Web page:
Security conditions in Iraq have gradually improved since the defeat of the Islamic State in Iraq and the Levant (ISIL) at the end of 2017. However, significant challenges persist as the nation struggles with political instability, social unrest, economic volatility and low standards of living. With the poverty rate at a steady 23%, Iraqis are in need of humanitarian assistance to fight the next uprising – hunger. In 2016, data collection concluded that 53% of Iraqi residents and 66% of internally displaced people are vulnerable to food insecurity. Current social conditions are sowing the seeds for hunger in Iraq, but the potential exists for future improvement.
ISIL and Current Conditions
The nation is facing a multifaceted food security challenge, as the years it spent under ISIL’s military campaigns exacerbated issues such as limited water supply, damaged homes and disrupted food production. Water shortages and the lack of affordable agricultural inputs continue to negatively affect the performance of Iraq’s large farming sector. Additionally, families are reporting limited livelihood opportunities, reducing their purchasing power and restricting their access to the public distribution system – a social safety net program.
With the insurgent infiltration, Iraq lost the majority of its annual wheat and barley harvests, which had once combined to contribute to over one-third of the nation’s cereal production. Moreover, ISIL expropriated over 1 million tons of wheat in 2015 and left it to rot, worsening food insecurity in Iraq. The remaining farmers are unable to harvest their crops due to issues like lack of machinery or fuel, unexploded mines in their fields and inter-ethnic retribution. If farmers and herders experience displacement or are unable to venture to their fields, the future of agricultural production will remain bleak and have strong implications for long-term food security.
The Future of Food Insecurity
Experts expect that food security conditions will keep deteriorating due to the high volume of internally displaced persons (IDPs) straining hosting communities. As of 2019, almost 2 million people remain displaced in Iraq, and over 245,000 Syrian refugees are living in or have fled toward cities in the northern Kurdish region of Iraq. Furthermore, a renewed COVID-19 surge in the Middle East will further test the resilience of Iraq and neighboring countries, as the pandemic could lead 265 million people to suffer from “acute food insecurity, which requires urgent food, nutrition, and livelihoods assistance for survival.”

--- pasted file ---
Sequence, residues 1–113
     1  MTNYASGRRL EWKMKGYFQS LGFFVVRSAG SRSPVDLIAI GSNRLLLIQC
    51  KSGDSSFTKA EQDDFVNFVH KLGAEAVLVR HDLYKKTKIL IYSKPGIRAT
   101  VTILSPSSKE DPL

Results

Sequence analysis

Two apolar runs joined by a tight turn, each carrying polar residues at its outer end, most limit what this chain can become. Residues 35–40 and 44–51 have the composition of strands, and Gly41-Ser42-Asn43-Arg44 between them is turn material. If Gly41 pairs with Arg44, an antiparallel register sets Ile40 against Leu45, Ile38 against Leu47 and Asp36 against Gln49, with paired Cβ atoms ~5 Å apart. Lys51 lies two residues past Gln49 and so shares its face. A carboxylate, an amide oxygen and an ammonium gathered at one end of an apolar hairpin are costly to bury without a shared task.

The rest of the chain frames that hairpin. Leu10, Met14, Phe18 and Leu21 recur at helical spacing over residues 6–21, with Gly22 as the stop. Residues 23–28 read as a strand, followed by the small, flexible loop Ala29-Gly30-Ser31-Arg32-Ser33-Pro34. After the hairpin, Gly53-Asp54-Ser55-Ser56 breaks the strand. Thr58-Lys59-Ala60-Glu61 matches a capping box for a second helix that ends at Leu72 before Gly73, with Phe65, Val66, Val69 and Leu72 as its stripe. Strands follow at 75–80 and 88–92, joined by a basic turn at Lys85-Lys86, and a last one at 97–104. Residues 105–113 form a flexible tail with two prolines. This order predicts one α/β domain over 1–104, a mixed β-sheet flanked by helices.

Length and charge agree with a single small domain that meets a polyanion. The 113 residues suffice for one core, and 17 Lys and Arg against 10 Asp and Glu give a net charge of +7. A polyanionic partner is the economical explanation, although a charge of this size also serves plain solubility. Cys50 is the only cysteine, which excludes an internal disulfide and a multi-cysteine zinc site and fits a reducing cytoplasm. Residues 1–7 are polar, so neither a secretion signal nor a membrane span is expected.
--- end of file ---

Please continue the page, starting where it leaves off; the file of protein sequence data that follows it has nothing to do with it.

Therefore, the United Nations is calling on governments, non-government organizations and donors to address the “availability, access and affordability of safe and nutritious foods and protect the nutrition of … vulnerable families.” For instance, the World Food Programme (WFP) is helping Iraq’s most vulnerable people strengthen their capacities to absorb, adapt and transform in the face of shocks and long-term stressors. WFP has been operating in Iraq since 1968, providing emergency food assistance and aiding the government with social service reforms. With millions of displaced Iraqis and IDPs, the WFP is providing monthly food assistance to 1.5 million displaced people across all 18 districts through cash assistance and monthly family rations.
As the humanitarian crisis endures, millions of families living in protracted displacement situations are reaching a breaking point. These families are continuing to face constrained access to basic services and critical protection risks and are in desperate need of life-saving aid.
However, the Iraqi government has proven ineffective in resolving hunger in Iraq as it struggles to reconcile current social and economic unrest. Proactive policy-making and international aid are essential to halting the impending vicious cycle that starts with hunger and feeds back into the protracted conflict. Rather than sowing the seeds for hunger in Iraq, governments and humanitarian organizations alike have the power to cultivate hope for thousands.
– Carlie Chiesa